To the moon and back

You know what I love about long distance with children?

1. Their severely curtailed sleep means there are literally dozens more hours to spend with them throughout the week.

2. And their misfiring, sleep-deprived brains say very silly and adorable things. When they’re not screaming or whining or sobbing about something.

3. The newness of being in an unfamiliar place means their naturally scientific brains will see and absorb everything, from impressive technical facts about mollusks and brown pelicans to the precise copy from a barely overheard erectile-dysfunction ad playing on a television two rooms away.

4. Of course, vacation can mean wonderful time with extended family. Being surrounded by loving adults can make anything better and can help you see clearly. In fact, it can help you see how even twice the number of adults does not make parenting small children any easier. Seriously, evidence is starting to suggest that it would take twenty child care experts (or kindergarten) to get me a semi-regular shower. Or a run. The tally of shower-free-days to reasonably-scented-days on vacation is even worse than at home. (I did get to go bathing suit shopping, though. That experience is actually much easier thousands of miles from home. I highly recommend you shop for your most loathed piece of clothing when you’re far, far, far from mirrors you recognize.)

5. Children on vacation have delightful appetites and a charmingly predictable neophobia that means all they’ll eat is crackers. Crackers are good, quick energy for explosive volume and wild beach play. Yay for cracker-exclusive dining. Nothing but good can come from a week of an all-cracker diet, I’ve heard experts say.

6. Frantic children, geographically displaced by well-meaning adults, allowed to write their own sleep schedule, and fed nothing but crackers run around like wild monkeys, desperate for outside activities. This means a wonderful opportunity to teach frequent, thorough sunscreen application. Because vacationing children don’t have time to wait for adults to wash and sunscreen their own faces, extended vacations are a delightful reminder why paraben-free mineral sunscreen is a terrible idea for middle-aged skin. Lots of sunshine with children is a quick and easy path to enormous, painful breakouts. Thanks for the reminder, Spring Break!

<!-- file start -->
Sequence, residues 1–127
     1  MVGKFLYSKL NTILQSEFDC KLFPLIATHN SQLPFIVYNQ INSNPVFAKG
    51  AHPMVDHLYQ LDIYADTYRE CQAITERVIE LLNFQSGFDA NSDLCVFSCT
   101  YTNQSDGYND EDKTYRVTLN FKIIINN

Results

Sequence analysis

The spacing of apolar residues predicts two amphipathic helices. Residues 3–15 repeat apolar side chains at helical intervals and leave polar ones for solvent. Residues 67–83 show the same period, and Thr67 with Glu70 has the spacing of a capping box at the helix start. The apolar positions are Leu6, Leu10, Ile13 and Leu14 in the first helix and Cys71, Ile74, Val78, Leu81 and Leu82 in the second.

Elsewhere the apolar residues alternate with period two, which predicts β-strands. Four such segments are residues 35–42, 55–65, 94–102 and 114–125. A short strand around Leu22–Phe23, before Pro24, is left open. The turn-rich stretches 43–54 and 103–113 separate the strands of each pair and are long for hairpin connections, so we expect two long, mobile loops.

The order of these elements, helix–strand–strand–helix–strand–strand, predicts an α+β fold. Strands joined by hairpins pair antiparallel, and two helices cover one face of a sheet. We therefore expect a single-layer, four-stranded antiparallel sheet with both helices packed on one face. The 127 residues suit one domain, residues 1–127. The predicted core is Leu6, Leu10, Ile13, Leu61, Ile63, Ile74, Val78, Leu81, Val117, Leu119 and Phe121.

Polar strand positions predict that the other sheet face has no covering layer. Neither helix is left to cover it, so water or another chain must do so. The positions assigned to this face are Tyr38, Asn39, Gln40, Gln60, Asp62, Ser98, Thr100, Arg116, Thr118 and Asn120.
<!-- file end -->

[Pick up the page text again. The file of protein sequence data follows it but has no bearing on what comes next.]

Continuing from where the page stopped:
7. At the end of the journey, flight attendants are highly trained and extensively experienced in handling exhausted, carbo-loaded children. They offer, with subtle glances and measured words, a lifetime worth of child-rearing assistance without even being asked. Hurray for unhelpful unsolicited advice! It makes us at once shamed and hopeless about our parenting.

But every parent knows reentry is the toughest part of vacation. No matter how long you’re gone, the first two days back are characterized by turbulence. Nobody’s well rested, well fed, or well adjusted. One part wanting to go back, one part relieved to be home, one part sick of being together, and one part daunted by jumping back on the treadmill you had forgotten is set permanently at 12 mph.

This means the very best part of a long vacation with a transcontinental flight is that those amongst you who still use a car seat will sleep on the plane. Nobody else will, including those who’ve graduated to a booster. So Day One of reentry will be characterized by exhausted, snippy people calmed by a somewhat reasonable three-year-old. Let me say that again (so I’m the only site on the Interwebs that will include the statistically significant phrase “somewhat reasonable three-year-old”): Somewhat. Reasonable. Three-year-old. So relatively rested, in fact, that when his older brother falls and cuts a gash across his face in the middle of Day One at home, the three-year-old will fetch the ice pack while you’re trying to decide whether to see the doctor (yes) for stitches (no, thankfully).

See? Travel with the whole family. Think big. The upsides are huge. Learning and perspective and crackers.

Bright side Dark side

Peanut is a great traveller. Loves new sights, sounds, places. Sits patiently in the car for long rides, behaves well in public, carries his own luggage.

But oh, the nights. He wouldn’t eat until we¬† got ready for bed (new things kill his appetite and he didn’t eat all day and said he was hungry at 8pm Gee, you think?) and then threw a two hour tantrum last night and, as a result, went to bed three hours late. He woke and threw a meltdown fit at 2am. Yelled and cried for about 15 minutes that he never got his stories. He woke screamingly angry at 4am and revved up for a long fit about needing to brush his teeth (but Spouse caved a few minutes in because we’re in a hotel and it was 4 am and Spouse has low tolerance for early morning tantrums. Pussy. I’ll be paying for that choice for weeks, but oh well. That’s the luxury of the weekend parent. Not that I’m bitter.)

So, of course, Peanut work promptly at his usual time. 5:00. He’s had approximately five hours sleep. He’s trapped in a hotel room with a mother who has had approximately five hours sleep. He’s mad he couldn’t go with Spouse on his little jaunt of peace and quiet this morning. Apparently most of this anger is directed at the pricier items installed in this hotel room for people with taste, rather than children.

And I am faced with a day of fun, with people we love, and highlights of my favorite LA outings and the potential of either  Dr. Jekyl Travel Dude, the happy-go-lucky go anywhere friend or Mr. Hyde Nighttime Guy, the spawn of Freddy Krueger, and my worst nightmare.